BP revealed Monday it has so far spent two billion dollars on the Gulf of Mexico oil spill, after an internal BP document suggested the gusher might be spewing far faster than initially feared.
In a statement to the London Stock Exchange, the embattled British energy giant said its costs to date included ongoing efforts at containment, relief well drilling, grants to Gulf states, claims paid to affected individuals and businesses, and costs incurred by the US government.
The announcement comes after a week of White House arm-twisting that prodded BP to agree to a 20-billion-dollar fund to pay claims and a stepped up oil recovery effort in the Gulf.
Meanwhile on Sunday, US outrage was further heightened by the discovery that BP's own worst-case scenario estimate of the amount of oil leaking into the Gulf of Mexico was some 20 times higher than its early public estimates.
Media reports that chief executive Tony Hayward had attended a yacht race off the Isle of Wight the day after he handed over day-to-day management of the oil leak response, also prompted one of the sharpest expressions yet of administration anger with BP.
"Well, to quote Tony Hayward, he's got his life back, as he would say," White House chief of staff Rahm Emanuel said, referencing the BP boss's now-notorious slip.
"And I think we can all conclude that Tony Hayward is not going to have a second career in PR (public relations) consulting," Emanuel told ABC's "This Week".
"This has just been part of a long line of PR gaffes and mistakes."
Emanuel then assailed BP for its response to the worst oil spill in US history, saying it must be forced to do more.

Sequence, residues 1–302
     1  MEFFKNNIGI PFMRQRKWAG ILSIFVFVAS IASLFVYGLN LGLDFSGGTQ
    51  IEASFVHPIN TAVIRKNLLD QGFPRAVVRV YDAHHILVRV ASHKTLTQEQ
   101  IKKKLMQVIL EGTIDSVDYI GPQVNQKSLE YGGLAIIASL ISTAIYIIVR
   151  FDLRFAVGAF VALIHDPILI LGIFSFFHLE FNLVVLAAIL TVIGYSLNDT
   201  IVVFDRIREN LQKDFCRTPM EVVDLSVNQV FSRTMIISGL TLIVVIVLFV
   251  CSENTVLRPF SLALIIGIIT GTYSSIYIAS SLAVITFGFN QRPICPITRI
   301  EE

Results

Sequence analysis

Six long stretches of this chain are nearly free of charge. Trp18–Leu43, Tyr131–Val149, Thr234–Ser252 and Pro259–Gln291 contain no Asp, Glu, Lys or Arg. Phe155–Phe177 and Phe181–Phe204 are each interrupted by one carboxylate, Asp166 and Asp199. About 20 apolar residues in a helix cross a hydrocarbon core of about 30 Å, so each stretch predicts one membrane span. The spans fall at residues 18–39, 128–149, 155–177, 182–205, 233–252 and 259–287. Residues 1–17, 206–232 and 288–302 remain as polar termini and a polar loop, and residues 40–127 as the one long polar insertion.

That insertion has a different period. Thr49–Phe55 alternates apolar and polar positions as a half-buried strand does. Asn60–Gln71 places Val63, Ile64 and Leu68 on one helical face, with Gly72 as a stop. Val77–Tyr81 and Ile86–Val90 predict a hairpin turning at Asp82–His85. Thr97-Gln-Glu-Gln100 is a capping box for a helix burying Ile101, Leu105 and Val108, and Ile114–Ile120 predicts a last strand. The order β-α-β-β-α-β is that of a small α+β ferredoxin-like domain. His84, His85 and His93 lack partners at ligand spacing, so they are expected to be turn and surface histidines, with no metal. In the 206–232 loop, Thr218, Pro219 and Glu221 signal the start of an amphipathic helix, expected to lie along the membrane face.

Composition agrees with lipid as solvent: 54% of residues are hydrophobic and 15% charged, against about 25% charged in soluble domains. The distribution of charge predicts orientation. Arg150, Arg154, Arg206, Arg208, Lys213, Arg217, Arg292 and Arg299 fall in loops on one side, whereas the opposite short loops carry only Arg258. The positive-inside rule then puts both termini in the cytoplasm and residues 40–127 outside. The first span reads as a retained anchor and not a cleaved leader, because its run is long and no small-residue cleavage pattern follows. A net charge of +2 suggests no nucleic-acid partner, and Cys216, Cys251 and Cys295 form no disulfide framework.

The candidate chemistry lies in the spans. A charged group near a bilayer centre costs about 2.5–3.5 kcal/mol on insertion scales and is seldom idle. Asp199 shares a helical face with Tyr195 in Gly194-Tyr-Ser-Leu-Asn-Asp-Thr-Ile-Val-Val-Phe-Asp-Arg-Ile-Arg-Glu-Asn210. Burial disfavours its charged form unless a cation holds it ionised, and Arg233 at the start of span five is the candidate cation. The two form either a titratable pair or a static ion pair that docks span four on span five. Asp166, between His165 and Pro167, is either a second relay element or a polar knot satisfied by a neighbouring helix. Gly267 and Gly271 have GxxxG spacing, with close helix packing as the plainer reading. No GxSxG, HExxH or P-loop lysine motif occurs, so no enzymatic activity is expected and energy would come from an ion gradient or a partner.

The company has been regularly faulted for the pace of its response to the disaster, triggered by the April 20 explosion that ripped through the Deepwater Horizon rig it leased, killing 11 workers.
Over the past week, the British energy giant has called in more ships and equipment to the area and said it would significantly boost the amount of oil captured from its busted well.
But a key US congressman Ed Markey, a vocal critic of BP and its handling of the disaster, tore into the firm after releasing an internal BP document that showed the energy giant's own worst-case estimate of the leak was much higher than it publicly stated.
"First they said it was only 1,000 barrels, then they said it was 5,000 barrels, now we're up to 100,000 barrels," he told NBC's "Meet the Press," saying BP was "either lying or grossly incompetent."
US government estimates now put the leak at 30,000 to 65,000 barrels a day -- or, at the upper end of the scale, more than 2.5 million gallons of oil each day.
BP rejected Markey's charge, noting that the conditions it had stated for the worst-case scenario to develop were not in place then, and are not in place now.
"It's completely misrepresenting what we're saying," BP spokesman Robert Wine told AFP. "We were saying that if two conditions were met simultaneously -- one that we got the modeling restrictions wrong and if the blowout preventer were removed -- then we could have 100,000 barrels of oil."
He said the estimate "has nothing (to do) with the amount of oil that's actually escaping at the moment."
BP also raced to defend Hayward's yacht outing on vacation with his son in Britain, which a spokesman called his "first non-working day since this started."
"Still, no matter where he is, he is always in touch with what is happening within BP," another company spokesman John Curry said.
Asked about Hayward's yacht outing, Senate Republican Minority Leader Mitch McConnell said "all of these guys could use a better PR advisor, but the point is we need to get the oil leak stopped and keep as much of the oil off the shore as we can."
"Clearly, not enough is being done. All the local officials on the Gulf are frustrated as they can be," he told "Fox News Sunday."
The spill has impacted 59 miles (95 kilometers) of Gulf Coast shoreline, mainly in Louisiana but also in the states of Mississippi, Alabama and Florida. More than one-third of federal waters in the Gulf are now closed to fishing.
In its statement on Monday, BP updated some of its response operations including operations to skim oil from the surface of the Gulf that have recovered in total about 558,000 barrels (23.4 million gallons) of oily liquid.
Explore further: The impact of mining Alaska's coal